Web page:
Kim & Karen 2 Soul Sisters

Kim & Karen 2 Soul Sisters

Thursday, February 11, 2016

Clay Face Jugs...Ugly Jugs


We have blogged about Face Jugs
History of Face Jug is in the link below
Face Jugs

The use of pottery jugs can be traced back beyond the Roman Empire. In a region like ours, where histories are often oral, tracing the origins of our traditions is tricky. Face jugs are one of the traditions that are an amalgam of many cultural influences. Amongst that rich history is the port of Charleston; the African tradition of using jug pots as headstones was brought to our culture through this port. Highly prized red glaze recipes from China also made their way to our region from the Charleston port. And even from the pubs of England came a long history and influence through their ever-charming Toby mugs.

Face jugs combine the utilitarian influences of early regional pottery with the unique imagination of individual pottery makers. In the mountains of Georgia, and the Catawba Valley, North Carolina, ugly faces, snakes and devils were added to Market Jugs beginning in the late 1800's. These embellished pots were used to buy & store liquor; the ominous features would scare children so they would not be tempted to try the contents.

I was afraid of what would come up when I Googled "ugly jugs", but with safe search, I found just what I was looking for. Jugs with faces date back to antiquity, but became an American folk art tradition. The time and place this tradition began depends on your source, and the jugs had several purported purposes which could all be valid.
More ugly faces, after the jump.

Jerry Brown heard that slaves made ugly jugs to distinguish the different liquids inside. Jugs with faces were for the ones you couldn't drink, such as kerosene.
Potter Jim McDowell heard the history of the jugs handed down through generations. According to family lore, ugly jugs were used by slaves as grave markers, made ugly to scare the devil away. McDowell's face jugs include messages, like this one that says "Don't judge the color of my skin; judge me by the content of my character."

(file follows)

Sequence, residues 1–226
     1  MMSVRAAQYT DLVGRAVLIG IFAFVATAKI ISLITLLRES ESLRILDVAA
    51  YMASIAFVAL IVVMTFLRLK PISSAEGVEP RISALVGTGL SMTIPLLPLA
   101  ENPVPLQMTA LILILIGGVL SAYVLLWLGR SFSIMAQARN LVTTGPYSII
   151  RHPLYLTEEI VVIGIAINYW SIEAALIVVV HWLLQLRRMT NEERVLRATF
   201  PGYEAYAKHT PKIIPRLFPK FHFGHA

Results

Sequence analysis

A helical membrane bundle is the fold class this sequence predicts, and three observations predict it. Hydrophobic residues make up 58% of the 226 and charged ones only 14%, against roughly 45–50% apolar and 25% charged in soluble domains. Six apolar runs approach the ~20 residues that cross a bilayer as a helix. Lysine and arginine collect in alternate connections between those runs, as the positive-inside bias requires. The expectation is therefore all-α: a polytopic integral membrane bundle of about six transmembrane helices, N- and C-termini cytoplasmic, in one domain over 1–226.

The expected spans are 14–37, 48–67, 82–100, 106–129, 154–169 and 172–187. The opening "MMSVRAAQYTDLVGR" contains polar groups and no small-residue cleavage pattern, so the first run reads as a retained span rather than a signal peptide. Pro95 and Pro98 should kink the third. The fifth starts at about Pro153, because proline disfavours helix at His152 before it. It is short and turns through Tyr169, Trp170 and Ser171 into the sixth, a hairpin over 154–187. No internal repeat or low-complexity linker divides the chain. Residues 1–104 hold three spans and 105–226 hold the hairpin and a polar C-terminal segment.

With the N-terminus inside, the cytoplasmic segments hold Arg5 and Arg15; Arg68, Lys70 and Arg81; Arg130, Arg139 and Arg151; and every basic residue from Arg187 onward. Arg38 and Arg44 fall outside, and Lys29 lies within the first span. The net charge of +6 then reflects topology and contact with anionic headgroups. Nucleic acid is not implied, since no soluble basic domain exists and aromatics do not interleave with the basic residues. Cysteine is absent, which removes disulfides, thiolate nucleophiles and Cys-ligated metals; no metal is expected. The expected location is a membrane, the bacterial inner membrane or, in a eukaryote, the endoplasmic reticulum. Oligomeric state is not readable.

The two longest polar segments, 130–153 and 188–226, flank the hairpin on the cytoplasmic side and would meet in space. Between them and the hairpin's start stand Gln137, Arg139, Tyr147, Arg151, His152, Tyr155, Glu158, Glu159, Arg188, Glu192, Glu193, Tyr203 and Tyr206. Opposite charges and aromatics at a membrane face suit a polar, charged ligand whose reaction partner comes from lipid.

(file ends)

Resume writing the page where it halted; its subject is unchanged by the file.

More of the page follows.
According to Pawprint Pottery of Barnwell, South Carolina, ugly jugs were used to keep kids out of the moonshine. They were made as scary as possible for this purpose! These jugs with recycled porcelain teeth would do the trick.
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Potters provided jugs for bootleggers during the 1920s, but made them with ugly faces to show their support for Prohibition.
The Smithsonian Institution doesn't know what purpose the ugly jugs served, but places their origin in South Carolina in the mid 1800s.
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Most sources I found placed the face jug tradition as beginning in Edgefield, South Carolina, although they are also associated with Georgia and other southern states. Georgia artist Brian Wilson made these whistling face jugs.
American Folk Art and Framing places the origin of face jugs in the piedmont region of North Carolina and Georgia. They feature works by many different artists, including this cross-eyed face jug.
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Clayton Bailey makes face jugs with runny noses!
Super lesson...try it out!
1969
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